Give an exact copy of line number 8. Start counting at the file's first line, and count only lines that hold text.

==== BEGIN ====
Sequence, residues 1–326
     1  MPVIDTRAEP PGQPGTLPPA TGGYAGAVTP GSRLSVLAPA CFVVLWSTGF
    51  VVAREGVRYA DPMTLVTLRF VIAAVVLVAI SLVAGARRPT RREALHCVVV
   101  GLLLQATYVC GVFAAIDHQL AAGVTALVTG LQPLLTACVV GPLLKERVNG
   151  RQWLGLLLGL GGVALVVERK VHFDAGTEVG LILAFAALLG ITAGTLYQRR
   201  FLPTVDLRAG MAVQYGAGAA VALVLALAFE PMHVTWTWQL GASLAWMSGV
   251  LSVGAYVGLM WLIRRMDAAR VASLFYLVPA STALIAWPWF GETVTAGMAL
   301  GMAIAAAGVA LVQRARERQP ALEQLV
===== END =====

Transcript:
   301  GMAIAAAGVA LVQRARERQP ALEQLV